June 18, 2020 — In this talk, we’ll look at the real differences between HTTP and HTTPS traffic to illustrate just how much data is made visible on an unencrypted connection. We’ll examine real-world examples of ISPs manipulating the HTTP traffic of their users, and why it would have been impossible over HTTPS. Lastly, we’ll go over the resources available for implementing TLS on your sites, most likely for free.”
December 31, 2019 — We all take shortcuts sometimes. Whether you were swamped with client work and a corner had to be cut, or you’re stretched so thinly trying to wear every hat that something fell through the cracks, we’ve all encountered mistakes we made ourselves. While they’re mostly all forgivable, it becomes a bit of a different issue when a mistake leads to a security concern. In this talk we’ll look at three common security mistakes made by WordPress site owners every day, why they get made in the first place, and how to resolve them.
December 19, 2019 — Malicious activity is an unfortunate reality when maintaining a web presence today. Most people involved in the web industry know someone who encountered the aftermath of a disruptive attack–if they haven’t themselves. Because of this, awareness of security best practices is at an all-time high. To many, though, it may not be clear exactly why these measures are important.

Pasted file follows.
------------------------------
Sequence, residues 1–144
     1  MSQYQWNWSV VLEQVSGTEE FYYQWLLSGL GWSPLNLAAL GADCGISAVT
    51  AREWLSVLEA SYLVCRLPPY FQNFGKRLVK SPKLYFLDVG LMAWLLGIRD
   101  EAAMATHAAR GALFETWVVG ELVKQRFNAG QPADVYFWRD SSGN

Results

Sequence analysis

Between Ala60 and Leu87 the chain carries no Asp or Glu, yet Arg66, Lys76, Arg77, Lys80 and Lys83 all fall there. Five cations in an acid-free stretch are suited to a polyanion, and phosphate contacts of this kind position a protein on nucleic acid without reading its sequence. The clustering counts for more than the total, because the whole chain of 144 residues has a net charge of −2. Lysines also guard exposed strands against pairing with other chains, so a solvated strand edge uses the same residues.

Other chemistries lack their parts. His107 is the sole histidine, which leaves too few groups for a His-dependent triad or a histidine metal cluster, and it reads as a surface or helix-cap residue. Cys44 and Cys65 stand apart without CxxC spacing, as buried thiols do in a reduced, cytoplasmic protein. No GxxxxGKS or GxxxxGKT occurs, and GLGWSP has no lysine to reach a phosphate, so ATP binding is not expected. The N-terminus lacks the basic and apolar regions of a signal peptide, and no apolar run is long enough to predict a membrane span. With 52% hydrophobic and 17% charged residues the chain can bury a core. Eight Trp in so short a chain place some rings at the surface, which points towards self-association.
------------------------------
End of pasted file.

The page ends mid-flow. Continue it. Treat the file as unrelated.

To remedy that, we’ll be taking a practical look at what’s actually happening when a website gets attacked, as well as discussing the hows and whys along the way. From understanding why small sites still get hacked, to why password reuse is really as bad as everyone says, we’ll explore the rationale behind the security principles you’re always being told to follow.
November 4, 2019 — A panel discussion with members of the WordPress community exploring ethical issues that can arise when working with clients, with each other, and within the WordPress community at large.
June 26, 2019 — April 6, 2019, 10 am Horseshoe Ranch Room, University Center, College of the Canyons —
WordPress business owners have a lot to lose in the event of a successful cyberattack, and security awareness is at an all-time high as companies work to improve their security posture before the worst can happen. This is a good thing, of course, since an ounce of prevention is worth a pound of cure.
However, many of those same companies don’t have a solid plan of action for when the worst does happen. A lack of a plan in the wake of an attack will delay response, increase downtime, and ultimately cost more money.
In this talk, Mikey Veenstra will discuss the elements of incident response planning that many business owners fail to address. Whether your business needs a full manual of contingency plans or just a folder with some phone numbers in it, you’ll leave ready to draw up a solid guideline to follow in the event that something goes wrong.